Use of statutory demand to make company insolvent suspended until June

08 Apr 2021

In a recent blog we highlighted the further extension to the temporary restrictions on a Landlord’s ability to forfeit a commercial lease and utilise CRAR to pursue a tenant for unpaid rent until 30 June 2021.  The Government has also now extended, until 30 June 2021, the temporary restrictions introduced under the Corporate Insolvency and Governance Act 2020 relating to winding up petitions and statutory demands.  These changes were introduced by the Corporate Insolvency and Governance Act 2020 (Coronavirus) (Extension of the Relevant Period) Regulations 2021 (SI 2021/375) which include other changes, too.
 
The effect of the extension is to prevent a landlord (or any other creditor) presenting a winding up petition against a company that is based on a statutory demand served between 1 March 2020 and 30 June 2021.  Further, no winding up petition may be presented (at court) between those dates, based on the company’s inability to pays its debts, unless either (1) there are reasonable grounds for believing that COVID-19 has not had a financial effect on the company, or (2) the company would have become unable to pay its debts even if Covid-19 had not an effect on the finances of the company.  The Court cannot make a winding-up order on winding-up petitions unless it is satisfied these requirements are met.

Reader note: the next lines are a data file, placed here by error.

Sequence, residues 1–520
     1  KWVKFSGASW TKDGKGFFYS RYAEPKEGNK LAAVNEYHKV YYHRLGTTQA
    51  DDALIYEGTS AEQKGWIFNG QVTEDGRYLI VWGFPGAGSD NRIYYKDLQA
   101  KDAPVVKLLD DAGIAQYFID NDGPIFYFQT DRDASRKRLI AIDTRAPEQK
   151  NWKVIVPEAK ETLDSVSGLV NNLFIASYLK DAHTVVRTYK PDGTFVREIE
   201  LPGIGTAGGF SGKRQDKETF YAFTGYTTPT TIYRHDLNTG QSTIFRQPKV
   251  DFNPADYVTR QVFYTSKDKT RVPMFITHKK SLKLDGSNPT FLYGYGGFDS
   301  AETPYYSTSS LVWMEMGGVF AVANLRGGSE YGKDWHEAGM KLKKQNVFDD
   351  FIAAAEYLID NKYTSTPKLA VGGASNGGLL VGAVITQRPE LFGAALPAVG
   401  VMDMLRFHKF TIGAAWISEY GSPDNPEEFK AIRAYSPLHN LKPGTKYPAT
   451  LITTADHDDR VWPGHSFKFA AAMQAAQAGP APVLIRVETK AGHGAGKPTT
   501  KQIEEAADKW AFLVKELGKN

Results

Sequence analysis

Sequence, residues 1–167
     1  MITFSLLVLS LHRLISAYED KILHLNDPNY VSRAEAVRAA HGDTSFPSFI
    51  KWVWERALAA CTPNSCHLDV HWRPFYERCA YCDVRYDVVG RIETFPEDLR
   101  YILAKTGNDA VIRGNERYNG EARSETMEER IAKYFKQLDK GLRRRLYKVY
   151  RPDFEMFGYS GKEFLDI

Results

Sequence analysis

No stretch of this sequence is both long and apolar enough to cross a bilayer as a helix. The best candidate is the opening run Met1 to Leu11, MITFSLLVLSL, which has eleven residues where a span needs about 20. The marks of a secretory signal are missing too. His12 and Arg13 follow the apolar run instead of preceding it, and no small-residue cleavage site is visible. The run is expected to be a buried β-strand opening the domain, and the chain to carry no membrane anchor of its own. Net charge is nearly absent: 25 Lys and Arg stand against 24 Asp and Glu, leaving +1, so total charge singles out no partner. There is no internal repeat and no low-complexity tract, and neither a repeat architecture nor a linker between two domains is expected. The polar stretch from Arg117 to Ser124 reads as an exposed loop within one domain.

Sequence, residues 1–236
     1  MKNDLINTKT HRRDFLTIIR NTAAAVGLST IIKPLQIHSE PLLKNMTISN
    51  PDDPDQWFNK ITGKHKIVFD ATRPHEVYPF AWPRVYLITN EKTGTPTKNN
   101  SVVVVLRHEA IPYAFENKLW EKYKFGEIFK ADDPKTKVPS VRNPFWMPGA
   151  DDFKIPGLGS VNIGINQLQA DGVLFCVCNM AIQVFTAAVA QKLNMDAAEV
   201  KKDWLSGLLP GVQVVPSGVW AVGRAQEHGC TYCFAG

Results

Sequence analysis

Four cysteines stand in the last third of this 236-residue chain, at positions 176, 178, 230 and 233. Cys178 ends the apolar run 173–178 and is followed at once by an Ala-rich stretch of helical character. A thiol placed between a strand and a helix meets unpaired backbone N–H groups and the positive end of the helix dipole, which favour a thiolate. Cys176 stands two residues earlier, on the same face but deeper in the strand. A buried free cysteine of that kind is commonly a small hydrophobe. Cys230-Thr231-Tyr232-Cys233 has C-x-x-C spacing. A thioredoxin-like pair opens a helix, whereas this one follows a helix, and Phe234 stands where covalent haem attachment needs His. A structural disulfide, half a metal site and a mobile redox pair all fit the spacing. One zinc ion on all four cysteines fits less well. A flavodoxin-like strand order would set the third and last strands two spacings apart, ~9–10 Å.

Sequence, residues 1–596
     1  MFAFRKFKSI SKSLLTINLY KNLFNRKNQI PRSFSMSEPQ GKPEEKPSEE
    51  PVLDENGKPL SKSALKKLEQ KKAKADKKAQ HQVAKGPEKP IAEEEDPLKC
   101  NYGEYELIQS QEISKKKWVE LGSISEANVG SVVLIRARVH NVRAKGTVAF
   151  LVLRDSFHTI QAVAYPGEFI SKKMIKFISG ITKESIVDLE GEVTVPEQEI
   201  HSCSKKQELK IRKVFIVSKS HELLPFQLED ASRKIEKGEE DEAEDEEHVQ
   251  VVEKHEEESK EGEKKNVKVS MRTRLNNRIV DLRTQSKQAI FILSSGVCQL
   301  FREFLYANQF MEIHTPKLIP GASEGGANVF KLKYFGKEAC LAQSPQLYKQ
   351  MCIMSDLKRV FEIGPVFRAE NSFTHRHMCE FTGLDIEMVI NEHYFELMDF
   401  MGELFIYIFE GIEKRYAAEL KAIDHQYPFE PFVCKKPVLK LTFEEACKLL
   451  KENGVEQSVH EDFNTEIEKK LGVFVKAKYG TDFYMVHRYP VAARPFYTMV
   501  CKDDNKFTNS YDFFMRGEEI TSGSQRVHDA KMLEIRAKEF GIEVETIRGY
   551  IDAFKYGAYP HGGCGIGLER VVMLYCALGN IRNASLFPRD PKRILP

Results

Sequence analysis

It is still technically possible to serve a statutory demand, but it will not have the same effect and nor will the debtor perceive it to be the threat it once was.  Instead, a simple letter can be sent to the debtor demanding payment in the first instance, and the legal options can be considered later. 
 
Do remember that these restrictions only apply to companies; if your debtor is an individual, then the usual process will apply which requires the service of a statutory demand before a creditor can present a bankruptcy petition.

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